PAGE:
How to quickly sort the dead from the comatose

Founding exhibit of the National Museum of Kitsch

Looking for a plastic-cased alarm clock in the form of a mosque? There are, Dalrymple notes,

three colours to choose from: sky blue, apple green, and baby pink.

At the appointed time, Dalrymple explains,

a raucous muezzin begins to call, enough to waken the dead, let alone the sleeper. When I hear him—he switches suras if you allow him to go on long enough—I think of those Victorians who feared premature burial (I have a small collection of books on the subject).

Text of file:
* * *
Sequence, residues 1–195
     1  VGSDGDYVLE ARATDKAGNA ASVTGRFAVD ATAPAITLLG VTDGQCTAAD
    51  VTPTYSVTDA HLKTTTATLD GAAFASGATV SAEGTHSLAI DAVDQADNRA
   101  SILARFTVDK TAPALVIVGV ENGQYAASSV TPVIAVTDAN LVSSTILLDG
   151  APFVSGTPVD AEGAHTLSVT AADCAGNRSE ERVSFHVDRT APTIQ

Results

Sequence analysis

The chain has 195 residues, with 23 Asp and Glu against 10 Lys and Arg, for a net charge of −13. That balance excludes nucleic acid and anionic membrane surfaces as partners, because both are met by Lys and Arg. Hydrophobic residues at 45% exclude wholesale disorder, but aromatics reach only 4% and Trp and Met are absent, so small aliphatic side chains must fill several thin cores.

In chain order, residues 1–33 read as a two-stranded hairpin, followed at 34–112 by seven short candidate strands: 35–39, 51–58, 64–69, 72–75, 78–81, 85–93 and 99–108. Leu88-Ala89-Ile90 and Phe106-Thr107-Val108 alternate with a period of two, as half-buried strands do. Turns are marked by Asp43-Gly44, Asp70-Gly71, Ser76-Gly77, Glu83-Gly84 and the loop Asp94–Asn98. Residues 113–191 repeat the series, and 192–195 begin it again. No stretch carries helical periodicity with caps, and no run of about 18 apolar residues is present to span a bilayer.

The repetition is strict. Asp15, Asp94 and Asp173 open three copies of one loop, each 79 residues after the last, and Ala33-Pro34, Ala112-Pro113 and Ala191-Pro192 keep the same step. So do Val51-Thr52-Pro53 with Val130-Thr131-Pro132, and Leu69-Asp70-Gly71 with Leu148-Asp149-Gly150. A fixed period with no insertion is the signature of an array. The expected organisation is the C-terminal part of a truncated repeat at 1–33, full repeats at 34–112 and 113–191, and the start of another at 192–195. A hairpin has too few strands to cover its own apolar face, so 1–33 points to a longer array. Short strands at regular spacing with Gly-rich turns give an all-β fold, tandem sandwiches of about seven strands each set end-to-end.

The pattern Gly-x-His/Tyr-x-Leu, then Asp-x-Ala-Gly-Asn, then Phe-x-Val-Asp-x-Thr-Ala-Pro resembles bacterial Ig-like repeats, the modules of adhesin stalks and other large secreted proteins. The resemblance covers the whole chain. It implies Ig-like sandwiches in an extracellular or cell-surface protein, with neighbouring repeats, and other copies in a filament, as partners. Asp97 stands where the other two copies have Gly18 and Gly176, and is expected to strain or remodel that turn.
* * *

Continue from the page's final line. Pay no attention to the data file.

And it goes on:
These Victorians

invented many different methods of avoiding the terrible fate, including patent coffins with megaphones to alert passers-by to the presence of the living interred.

There were also

cords tied to the big toes of the pseudo-deceased, in the undertakers’ chapel of rest. The cords connected them to a bell, sensitive to the slightest movement, in the undertakers’ office — like the defunct servants’ call bells you sometimes see in old mansions.

But these methods, it seems to Dalrymple,

would quickly have been superseded by this mosque alarm clock.

 

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